aetna president thomas k. Brace hurried down to assess the damage and estimate the losses. Upon returning to Hartford, he called a meeting of the company’s board of directors. Recognizing that the company’s resources and capital were almost completely depleted by customer losses from this catastrophic event, he quickly endorsed several notes and sent them to banks for discount. With this quick and decisive action, the company was able to pay all of its customers’ claims. Although the event almost proved disastrous for aetna’s financial future, the way aetna handled its claims cemented its reputation as a solid and reliable insurance company.
This reputation soon spread, not just across the Northeast, but across the country, made physically evident by the many small tin aetna signs posted in front of public and private buildings across the country. . The presence of these signs, in highly visible locations, not only conveyed protection from Connecticut’s emerging insurance power, but also reinforced and spread Aetna’s reputation for safety, reliability, and prompt payment.
getting into the life insurance business
In May 1820, nearly a year after the first calls for the formation of a new fire insurance company, Aetna’s board of directors again voted to petition the state legislature, this time seeking an amendment to the statutes to allow the drafting of life insurance. the expansion was a bold move given the position of many religious leaders that assigning a monetary value to one’s life was an immoral practice. however, once approved by the legislature, the board voted to reserve an additional $50,000 in stock for the life insurance company.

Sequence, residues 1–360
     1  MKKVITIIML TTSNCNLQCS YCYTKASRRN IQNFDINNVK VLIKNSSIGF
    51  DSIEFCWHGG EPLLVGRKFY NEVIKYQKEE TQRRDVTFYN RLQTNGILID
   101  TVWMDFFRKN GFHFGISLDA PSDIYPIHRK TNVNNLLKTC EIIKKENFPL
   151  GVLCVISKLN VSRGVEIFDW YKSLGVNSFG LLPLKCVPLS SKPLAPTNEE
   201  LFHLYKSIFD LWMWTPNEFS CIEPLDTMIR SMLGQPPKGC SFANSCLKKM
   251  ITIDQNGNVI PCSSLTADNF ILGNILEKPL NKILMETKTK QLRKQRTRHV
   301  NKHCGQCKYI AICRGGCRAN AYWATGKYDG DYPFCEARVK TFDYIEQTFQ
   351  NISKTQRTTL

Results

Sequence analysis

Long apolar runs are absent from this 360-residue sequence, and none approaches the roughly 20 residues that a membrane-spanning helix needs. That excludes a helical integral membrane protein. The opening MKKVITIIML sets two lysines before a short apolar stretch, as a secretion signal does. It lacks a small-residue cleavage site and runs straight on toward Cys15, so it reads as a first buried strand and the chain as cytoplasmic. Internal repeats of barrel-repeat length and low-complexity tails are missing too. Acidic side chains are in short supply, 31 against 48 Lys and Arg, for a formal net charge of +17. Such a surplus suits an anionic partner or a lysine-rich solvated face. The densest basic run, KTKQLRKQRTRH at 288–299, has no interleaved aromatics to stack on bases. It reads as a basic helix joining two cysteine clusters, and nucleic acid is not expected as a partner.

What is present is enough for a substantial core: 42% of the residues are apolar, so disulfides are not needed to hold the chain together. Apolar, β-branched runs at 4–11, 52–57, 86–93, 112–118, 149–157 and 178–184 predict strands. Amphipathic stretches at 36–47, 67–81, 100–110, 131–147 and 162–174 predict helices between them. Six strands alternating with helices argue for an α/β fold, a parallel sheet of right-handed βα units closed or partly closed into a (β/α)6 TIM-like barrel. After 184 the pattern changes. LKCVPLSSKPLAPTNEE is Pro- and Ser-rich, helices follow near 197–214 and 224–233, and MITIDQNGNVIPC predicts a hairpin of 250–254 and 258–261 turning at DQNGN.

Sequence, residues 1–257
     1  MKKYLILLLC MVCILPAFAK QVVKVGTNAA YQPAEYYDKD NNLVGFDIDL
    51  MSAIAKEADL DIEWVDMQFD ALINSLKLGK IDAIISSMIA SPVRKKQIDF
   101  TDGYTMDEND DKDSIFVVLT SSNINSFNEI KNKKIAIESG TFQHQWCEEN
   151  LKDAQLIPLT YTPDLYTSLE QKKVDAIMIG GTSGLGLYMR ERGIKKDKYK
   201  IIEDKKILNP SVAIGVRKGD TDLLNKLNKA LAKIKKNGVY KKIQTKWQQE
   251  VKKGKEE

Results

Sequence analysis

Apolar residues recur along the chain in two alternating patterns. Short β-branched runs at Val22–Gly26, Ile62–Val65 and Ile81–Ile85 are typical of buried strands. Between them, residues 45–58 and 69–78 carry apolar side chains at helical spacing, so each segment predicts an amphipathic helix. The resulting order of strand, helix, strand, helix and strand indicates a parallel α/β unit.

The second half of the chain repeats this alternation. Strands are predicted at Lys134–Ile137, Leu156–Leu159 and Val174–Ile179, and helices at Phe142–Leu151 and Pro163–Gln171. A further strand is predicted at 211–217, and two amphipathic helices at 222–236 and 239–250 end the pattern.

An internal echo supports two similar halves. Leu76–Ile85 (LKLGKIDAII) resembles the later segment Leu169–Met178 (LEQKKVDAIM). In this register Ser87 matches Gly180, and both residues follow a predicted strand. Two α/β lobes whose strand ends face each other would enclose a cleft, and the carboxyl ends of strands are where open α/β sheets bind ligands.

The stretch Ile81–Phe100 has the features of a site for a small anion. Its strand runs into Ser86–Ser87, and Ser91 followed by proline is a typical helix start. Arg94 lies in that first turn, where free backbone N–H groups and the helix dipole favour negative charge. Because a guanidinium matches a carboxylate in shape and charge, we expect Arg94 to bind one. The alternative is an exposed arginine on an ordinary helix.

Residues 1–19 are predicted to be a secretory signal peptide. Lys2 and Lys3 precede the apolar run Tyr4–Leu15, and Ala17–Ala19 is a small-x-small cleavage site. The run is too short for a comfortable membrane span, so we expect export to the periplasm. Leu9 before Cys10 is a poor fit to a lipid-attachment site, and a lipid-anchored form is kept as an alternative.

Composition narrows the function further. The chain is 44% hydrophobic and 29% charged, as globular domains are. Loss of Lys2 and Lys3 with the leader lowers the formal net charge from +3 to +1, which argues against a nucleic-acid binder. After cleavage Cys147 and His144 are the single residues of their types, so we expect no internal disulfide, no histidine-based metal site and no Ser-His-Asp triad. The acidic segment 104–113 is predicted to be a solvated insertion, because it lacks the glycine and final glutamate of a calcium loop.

As the company continued to expand (now in two directions), the unique business demands of underwriting fire and life insurance became increasingly clear. therefore, the board of directors petitioned the legislature again in 1853, this time seeking to amend the statute to separate the life insurance department from the parent company. The shareholders of the “Annuity Fund” have now formed a new corporation under the name “Aetna Life Insurance Company”, with Eliphalet A. bulkeley as its first president.
thriving in the “insurance capital of the world”
As time went on, aetna continued to adjust its areas of focus to meet consumer concerns and demands. Such innovations included the introduction of an accident and liability department to attract increased focus on labor rights and unions in the early 20th century, and the creation of an automobile insurance company in 1913 to cater to social concern in a era of growing mobilization. furthermore, as the company’s success grew, so did its geographic reach. In 1960, Aetna entered the international arena when it acquired the Canadian company Excelsior Life Insurance. In the following decades, international expansion continued with the company investing in companies in Europe, Asia and Latin America. Today, the company that began as a small group of local entrepreneurs concerned about the state of the local fire insurance market enjoys success as a world-renowned member of the Fortune 100, which deals primarily with health insurance.
patrick j. mahoney is a researcher in history & culture at drew university and former fulbright scholar at the national university of ireland galway